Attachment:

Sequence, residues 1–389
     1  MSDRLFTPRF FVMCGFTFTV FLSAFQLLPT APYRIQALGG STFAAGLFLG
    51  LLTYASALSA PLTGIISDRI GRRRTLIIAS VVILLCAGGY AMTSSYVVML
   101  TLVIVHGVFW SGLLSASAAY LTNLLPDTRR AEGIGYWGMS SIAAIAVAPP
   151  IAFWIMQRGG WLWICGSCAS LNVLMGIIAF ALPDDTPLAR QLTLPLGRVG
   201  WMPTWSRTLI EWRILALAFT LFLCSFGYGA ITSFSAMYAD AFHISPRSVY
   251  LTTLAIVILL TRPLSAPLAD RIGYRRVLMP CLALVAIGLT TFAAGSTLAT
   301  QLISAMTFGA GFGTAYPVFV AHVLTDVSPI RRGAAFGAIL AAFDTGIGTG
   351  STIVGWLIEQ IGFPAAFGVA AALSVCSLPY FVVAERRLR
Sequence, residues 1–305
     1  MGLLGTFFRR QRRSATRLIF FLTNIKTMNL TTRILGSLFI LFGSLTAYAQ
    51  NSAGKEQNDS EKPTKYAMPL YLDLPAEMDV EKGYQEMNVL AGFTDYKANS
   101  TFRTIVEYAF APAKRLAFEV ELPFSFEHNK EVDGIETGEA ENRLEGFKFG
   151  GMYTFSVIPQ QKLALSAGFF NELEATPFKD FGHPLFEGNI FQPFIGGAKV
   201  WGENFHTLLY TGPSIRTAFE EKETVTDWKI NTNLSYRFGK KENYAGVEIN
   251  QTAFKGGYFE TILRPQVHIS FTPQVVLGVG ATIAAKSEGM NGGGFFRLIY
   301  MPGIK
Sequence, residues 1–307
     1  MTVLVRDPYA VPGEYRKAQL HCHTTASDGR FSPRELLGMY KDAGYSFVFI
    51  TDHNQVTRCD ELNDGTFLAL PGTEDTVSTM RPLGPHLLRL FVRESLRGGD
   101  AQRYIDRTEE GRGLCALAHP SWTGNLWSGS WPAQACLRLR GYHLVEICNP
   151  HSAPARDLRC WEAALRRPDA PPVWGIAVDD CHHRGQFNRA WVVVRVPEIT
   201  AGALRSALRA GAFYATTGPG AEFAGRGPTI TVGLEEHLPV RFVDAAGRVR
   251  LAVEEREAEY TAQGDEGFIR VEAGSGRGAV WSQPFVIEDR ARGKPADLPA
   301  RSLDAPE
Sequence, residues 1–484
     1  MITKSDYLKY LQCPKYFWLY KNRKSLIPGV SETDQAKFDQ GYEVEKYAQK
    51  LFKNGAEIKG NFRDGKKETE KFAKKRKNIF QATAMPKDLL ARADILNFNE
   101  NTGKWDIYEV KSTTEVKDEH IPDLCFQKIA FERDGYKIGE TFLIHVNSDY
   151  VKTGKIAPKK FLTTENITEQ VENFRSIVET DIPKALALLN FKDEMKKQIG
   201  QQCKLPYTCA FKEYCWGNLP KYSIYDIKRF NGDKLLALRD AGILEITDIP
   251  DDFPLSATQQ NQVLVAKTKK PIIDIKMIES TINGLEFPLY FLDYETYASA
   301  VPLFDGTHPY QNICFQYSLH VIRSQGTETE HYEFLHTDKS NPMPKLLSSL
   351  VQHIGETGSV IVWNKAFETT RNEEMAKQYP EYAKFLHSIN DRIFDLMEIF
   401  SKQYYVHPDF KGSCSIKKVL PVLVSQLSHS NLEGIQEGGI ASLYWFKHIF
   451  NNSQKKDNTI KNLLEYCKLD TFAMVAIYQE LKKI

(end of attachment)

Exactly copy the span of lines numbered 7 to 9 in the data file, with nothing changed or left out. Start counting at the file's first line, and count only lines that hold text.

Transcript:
   251  LTTLAIVILL TRPLSAPLAD RIGYRRVLMP CLALVAIGLT TFAAGSTLAT
   301  QLISAMTFGA GFGTAYPVFV AHVLTDVSPI RRGAAFGAIL AAFDTGIGTG
   351  STIVGWLIEQ IGFPAAFGVA AALSVCSLPY FVVAERRLR